The Blind Side: Evolution of a Game
Michael Lewis (2007, W. W.Norton)
Michael Lewis is an economist whose reportorial bailiwick is the market forces in business (Liar’s Poker, 1989), and sports (Moneyball, 2004.) In The Blind Side, he has turned his attention to the question, ‘why is the left tackle worth more than other offensive linemen?’ (In the NFL, he may be paid more than running backs and receivers, occasionally more than the quarterback.)
The question is interesting because linemen used to consider themselves interchangeable; but all that changed with the beginning of Lawrence Taylor’s professional career. “In Taylor’s first season in the NFL, no official records were kept of quarterback sacks. In 1982, after Taylor had transformed the quarterback sack into the turning point of a football game, a new official NFL statistic was born.” Because Taylor and his successors want to attack the (righthanded) quarterback from his blind side, they come from the right side of the defensive set, and a special breed of left tackle has evolved to stop them. They are tall, wide, and quicker than people their size have any right to be.
The other side of Lewis’s book is the story of how all this helped Michael Oher get a pass out of Hurt Village, one of the poorest sections of Memphis, Tennessee. At fifteen, ‘Big Mike’ stood six feet five and weighed three hundred and forty-four pounds when he was fifteen. (It took a cattle scale to determine this: “On the light side, for a cow, delightfully beefy for a high school sophomore football player.”) That’s why, at twenty-one, he stands to make millions in the NFL after one more season of college. Oher plays left tackle for the University of Mississippi, which means he guards his quarterback’s back, and knocks down everybody who tries to get near it.
Oher’s childhood was about as neglected as you can possibly imagine; his mother spent whatever money she got on drugs, and the school and foster care systems pretty much forgot about him from ages eight to fifteen, time he spent drifting from household to household, and playing a lot of basketball.
Through a combination of luck and error, he was enrolled at Briarcrest Christian School, in rich, white Memphis. The school didn’t really see a way of overcoming his educational deficits so he could play football, but then a classmate’s parents took an interest. Sean Tuohy quietly made sure he had money to eat lunch, and his wife Leigh Anne took him shopping for clothes. “It struck others as perhaps a bit aggressively philanthropic; for Leigh Anne, clothing a child was just what you did if you had the resources.” One thing led to another, and the Tuohys brought Michael home to live with them and their two children; they found a tutor to help get him through school, and wound up making him part of their family.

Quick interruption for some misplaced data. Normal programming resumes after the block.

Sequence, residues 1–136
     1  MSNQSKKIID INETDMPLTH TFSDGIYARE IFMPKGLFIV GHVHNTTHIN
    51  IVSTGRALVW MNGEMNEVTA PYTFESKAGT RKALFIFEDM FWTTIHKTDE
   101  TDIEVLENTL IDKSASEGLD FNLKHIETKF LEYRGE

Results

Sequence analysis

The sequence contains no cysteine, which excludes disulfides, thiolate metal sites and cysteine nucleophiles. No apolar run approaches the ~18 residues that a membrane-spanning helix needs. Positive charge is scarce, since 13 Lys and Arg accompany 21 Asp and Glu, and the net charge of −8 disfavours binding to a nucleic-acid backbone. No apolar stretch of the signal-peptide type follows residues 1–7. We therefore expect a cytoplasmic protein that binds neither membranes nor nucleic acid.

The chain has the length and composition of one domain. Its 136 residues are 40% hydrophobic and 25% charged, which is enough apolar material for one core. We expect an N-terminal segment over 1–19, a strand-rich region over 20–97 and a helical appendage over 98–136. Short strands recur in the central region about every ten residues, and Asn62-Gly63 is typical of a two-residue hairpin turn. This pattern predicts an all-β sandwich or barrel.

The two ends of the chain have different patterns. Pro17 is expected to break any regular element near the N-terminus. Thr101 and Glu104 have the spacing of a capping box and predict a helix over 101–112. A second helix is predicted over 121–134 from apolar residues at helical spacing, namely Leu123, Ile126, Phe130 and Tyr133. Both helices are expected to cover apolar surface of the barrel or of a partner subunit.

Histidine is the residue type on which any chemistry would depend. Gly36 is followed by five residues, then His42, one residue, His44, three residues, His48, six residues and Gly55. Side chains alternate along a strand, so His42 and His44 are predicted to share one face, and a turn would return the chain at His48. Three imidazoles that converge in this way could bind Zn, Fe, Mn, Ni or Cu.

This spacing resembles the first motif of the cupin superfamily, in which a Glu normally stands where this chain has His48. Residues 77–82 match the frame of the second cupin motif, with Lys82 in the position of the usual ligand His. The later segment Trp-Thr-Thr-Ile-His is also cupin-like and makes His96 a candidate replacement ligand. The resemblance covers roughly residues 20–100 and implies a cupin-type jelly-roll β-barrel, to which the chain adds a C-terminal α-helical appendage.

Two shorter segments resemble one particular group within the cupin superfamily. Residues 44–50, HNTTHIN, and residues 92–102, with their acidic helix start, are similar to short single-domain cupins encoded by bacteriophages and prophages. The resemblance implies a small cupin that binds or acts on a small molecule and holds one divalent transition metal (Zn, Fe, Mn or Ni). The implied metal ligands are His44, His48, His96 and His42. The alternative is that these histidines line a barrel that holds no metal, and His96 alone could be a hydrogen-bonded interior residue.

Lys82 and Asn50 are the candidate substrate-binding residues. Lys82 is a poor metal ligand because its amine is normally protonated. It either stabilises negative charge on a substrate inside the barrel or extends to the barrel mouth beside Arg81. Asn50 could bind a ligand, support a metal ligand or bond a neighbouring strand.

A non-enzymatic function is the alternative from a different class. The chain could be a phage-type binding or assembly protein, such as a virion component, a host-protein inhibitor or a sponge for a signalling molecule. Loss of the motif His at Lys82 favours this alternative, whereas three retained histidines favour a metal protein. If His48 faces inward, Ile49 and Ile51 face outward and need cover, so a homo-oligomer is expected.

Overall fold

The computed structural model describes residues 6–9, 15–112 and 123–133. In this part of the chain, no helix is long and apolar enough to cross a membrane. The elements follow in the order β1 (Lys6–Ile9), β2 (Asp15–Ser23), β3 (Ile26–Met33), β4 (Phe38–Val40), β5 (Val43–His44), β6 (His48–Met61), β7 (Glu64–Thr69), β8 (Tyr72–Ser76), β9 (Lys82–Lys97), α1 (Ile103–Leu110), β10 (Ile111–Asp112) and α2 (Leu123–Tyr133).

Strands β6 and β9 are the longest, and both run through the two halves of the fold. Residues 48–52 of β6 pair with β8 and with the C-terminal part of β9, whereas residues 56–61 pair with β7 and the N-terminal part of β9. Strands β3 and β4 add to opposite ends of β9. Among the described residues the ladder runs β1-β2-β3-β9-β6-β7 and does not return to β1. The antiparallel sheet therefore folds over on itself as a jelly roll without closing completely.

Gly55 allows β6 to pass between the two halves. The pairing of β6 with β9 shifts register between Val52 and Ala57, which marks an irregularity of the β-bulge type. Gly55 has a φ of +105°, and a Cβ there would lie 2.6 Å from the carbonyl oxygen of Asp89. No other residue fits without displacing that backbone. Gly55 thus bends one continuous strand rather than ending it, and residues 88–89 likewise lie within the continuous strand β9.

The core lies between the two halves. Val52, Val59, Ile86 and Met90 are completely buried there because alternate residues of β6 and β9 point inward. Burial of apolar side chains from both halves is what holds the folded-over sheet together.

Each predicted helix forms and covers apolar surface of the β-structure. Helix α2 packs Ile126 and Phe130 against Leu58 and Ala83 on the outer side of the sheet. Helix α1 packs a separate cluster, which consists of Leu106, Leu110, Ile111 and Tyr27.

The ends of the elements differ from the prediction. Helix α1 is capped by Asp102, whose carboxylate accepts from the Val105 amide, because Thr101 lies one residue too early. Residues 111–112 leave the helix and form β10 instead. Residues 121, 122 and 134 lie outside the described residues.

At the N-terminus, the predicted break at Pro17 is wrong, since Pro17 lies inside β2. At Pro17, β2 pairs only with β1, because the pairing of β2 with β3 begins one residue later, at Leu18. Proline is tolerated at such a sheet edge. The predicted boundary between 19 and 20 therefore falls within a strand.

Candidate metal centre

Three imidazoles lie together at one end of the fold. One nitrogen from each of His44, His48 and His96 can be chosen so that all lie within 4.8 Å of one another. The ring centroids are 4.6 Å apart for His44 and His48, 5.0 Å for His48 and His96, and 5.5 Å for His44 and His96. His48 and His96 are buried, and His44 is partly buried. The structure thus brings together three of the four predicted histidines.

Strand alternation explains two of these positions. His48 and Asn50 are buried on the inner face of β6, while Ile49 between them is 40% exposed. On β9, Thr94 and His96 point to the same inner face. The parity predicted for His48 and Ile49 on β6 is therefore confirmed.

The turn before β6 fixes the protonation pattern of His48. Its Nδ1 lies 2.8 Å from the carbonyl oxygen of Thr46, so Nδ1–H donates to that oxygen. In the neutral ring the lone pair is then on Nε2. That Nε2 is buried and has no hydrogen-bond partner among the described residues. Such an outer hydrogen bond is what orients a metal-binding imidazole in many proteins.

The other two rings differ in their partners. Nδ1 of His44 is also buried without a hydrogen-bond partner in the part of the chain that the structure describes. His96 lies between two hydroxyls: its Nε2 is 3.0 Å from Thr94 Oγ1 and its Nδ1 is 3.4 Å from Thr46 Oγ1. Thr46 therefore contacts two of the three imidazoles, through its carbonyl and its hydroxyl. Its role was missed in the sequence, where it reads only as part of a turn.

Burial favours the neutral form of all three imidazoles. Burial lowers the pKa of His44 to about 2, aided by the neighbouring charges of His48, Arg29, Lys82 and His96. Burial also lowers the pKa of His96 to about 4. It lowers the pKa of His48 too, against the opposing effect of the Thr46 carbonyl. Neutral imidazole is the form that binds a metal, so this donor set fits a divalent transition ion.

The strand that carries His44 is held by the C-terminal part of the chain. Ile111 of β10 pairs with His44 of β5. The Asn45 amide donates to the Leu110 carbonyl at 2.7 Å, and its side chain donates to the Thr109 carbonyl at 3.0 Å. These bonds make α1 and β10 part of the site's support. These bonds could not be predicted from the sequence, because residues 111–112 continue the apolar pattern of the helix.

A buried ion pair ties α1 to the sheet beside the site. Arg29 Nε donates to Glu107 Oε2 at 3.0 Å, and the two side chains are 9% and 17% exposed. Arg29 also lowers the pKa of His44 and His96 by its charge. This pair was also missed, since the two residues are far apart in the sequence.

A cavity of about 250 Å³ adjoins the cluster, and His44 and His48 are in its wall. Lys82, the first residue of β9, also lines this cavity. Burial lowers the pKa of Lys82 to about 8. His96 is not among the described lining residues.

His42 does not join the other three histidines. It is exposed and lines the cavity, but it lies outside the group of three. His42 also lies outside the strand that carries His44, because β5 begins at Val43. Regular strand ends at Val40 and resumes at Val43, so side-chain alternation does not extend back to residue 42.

By then, the coaches at Briarcrest had taken notice of Michael as a potential shot-putter, basketball player, and offensive lineman. His skills were raw but enormous. The more adept he got at flattening oncoming defenders, the more college coaches wanted to get to know him. “The wooing of Michael Oher was pure southern ritual: everyone knew, or thought they knew, everyone else’s darker motives, and what didn’t get said was far more important than what did.” Sean and Leigh Anne’s alma mater, Ole Miss, had the inside track, but Michael did not object to being courted, especially if private airplanes were involved.
Lewis is quietly scathing about the NCAA, which sent an investigator to see what all this signified. “They didn’t care how things were, only how they could be made to seem. A poor black football star inside the home of this rich white booster could be made to seem scandalous, and so here they were, bothering Michael.” He points out something Michael also spotted, that by way of protecting needy high school kids from exploitation, NCAA rules serve to keep them needy--as Sean Tuohy knew well from his own years at Ole Miss, though he survived to become a rich man.
Such ironies abound in Lewis’s story. In the first place, if Michael Oher had been six feet tall, you’d never have heard his name. His size was his good fortune, but his speed and agility were built in those middle school years when he was ditching school, working on his private plan to be the next Michael Jordan. The story is heartening and appalling at the same time: the good news is that a completely unlettered fifteen-year-old can go on to get a college education; the bad news is that this required the concentrated energies of one wealthy and generous man and two extremely determined women, and that there are tens of thousands more where he came from. “The inner city of Memphis alone teemed with kids whose athletic ability had market value. Very few ever reached their market. ...(Pity the kid inside Hurt Village who was born to play the piano, or manage people, or trade bonds.)” That one breaks my heart.